All the net proceeds go to local non-profit organizations that focus on providing services to children in need and their families. I was impressed (obviously) and jumped at the chance to sample the two current releases, a rosé and a sauvignon blanc.
2008 Charity Case Rosé
The first of the two Charity Case wines that I tried, I was just in a rosé kind of mood. It's when you want a wine with some body, a bit of oomph yet you desire a lightness too. There's a middle ground to be struck and for me, rosé can hit that spot perfectly.
Right off the bat the nose smelled of many grapes, which gave me the impression that this rosé was made from a lot of different wines . While the exact blend wasn't available, the website does suggest that this is a blend of varietals and regions within Napa Valley. A bit riper than I had anticipated, perhaps some more residual sugar than I am used to. My nose easily picked out ripe strawberry and herb-garden aromas and I could taste the red cherry, raspberry and acidity. While a 14.1% abv rosé doesn't usually make me happy, the wine-making team led by Jayson Woodbridge (yes, that Jayson Woodbridge) did a very nice job avoiding any heat or bite. This has to be one of the most food-friendly rosé's that I've tasted in a long time. Solid B and you really should buy this wine because it supports such a wonderful cause. For $12 a bottle, come on! This is going to be a wonderful spring sipper, something to pair with pizza or a fresh mixed-green salad.
2009 Charity Case Sauvignon Blanc
(img src http://cdn.lajollamom.com/wp-content/uploads/2011/01/Charity-Case-Sauvignon-Blanc-2009.jpg)
The Sauvignon Blanc came from all fruit originating in St. Helena, just up Highway 29 from the city of Napa. What makes it rather unique amongst New World examples of this grape is the barrel fermentation it underwent. That tends to soften the acidity and add a lush, velvety texture versus a crisp, clean edge to a steel tank fermented Sauvignon Blanc. France produces some amazing barrel fermented examples from Graves, outside Bordeaux. The connection here is that Charity Case used new French Oak barrels, which can avoid adding a vanilla note, instead just rounding out the wines.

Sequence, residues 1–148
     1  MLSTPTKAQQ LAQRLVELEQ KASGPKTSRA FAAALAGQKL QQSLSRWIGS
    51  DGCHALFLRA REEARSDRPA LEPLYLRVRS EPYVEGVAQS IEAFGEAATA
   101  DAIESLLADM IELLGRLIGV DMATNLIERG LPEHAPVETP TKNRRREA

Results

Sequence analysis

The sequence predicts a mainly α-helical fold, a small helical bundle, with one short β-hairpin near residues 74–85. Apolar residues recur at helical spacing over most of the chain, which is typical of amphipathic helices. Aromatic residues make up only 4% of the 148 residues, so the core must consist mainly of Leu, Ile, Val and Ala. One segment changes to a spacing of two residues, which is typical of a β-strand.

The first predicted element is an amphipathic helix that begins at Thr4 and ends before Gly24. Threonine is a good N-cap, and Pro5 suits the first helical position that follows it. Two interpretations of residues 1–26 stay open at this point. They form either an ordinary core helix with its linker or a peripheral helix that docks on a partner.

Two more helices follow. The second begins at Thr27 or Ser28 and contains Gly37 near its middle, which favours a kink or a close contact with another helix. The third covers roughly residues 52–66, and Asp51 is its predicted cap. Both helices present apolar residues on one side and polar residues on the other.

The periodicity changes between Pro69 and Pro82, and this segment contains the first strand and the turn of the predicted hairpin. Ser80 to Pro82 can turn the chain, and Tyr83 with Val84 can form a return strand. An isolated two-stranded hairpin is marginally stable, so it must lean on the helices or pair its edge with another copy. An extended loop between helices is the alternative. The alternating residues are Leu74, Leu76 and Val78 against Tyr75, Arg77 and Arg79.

I smelled loads of lemon custard, rising bread dough and apricot which surprised me. That's because I hadn't looked at the press materials yet. There's a simple reason for that, to avoid any bias that might creep into my initial impressions. Once I recognized those tell-tale signs of barrel fermentation though, I was able to put this wine into context. If you like your Sauvignon Blancs on the lush side, soft and almost luxurious, you'll thoroughly enjoy this wine. For my palate, it felt too flabby and heavy-handed. I will say that I think a fettucine alfredo dish would pair beautifully, but alas that night I ended up eating reheated leftovers. I still love the cause, but not the wine. B- from me, but if you like richer, plumper Sauvignon Blanc, do yourself a favor and check out the 2009 Charity Case Sauvignon Blanc.
One bit of information I gleaned from the fact sheets I was sent is that Charity Case makes their wines in the spring. Despite the appearance of snow across much of this country, especially the "snowpocalypse" taking place in New York, we have spring to look forward to and some upcoming Charity Case Chardonnay that will be released. I suppose if I've been a good boy this year, I'll get a bottle to sample and share with you.